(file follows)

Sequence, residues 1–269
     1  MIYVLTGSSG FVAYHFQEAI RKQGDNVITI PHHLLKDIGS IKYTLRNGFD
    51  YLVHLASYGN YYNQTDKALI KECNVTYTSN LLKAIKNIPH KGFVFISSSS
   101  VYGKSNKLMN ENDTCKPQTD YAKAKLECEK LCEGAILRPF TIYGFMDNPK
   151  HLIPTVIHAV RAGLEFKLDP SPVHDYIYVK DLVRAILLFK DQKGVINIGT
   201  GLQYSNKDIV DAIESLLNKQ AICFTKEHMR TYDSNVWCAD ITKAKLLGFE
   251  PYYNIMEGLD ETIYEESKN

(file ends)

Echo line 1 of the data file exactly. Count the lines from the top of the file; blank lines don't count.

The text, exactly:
Sequence, residues 1–269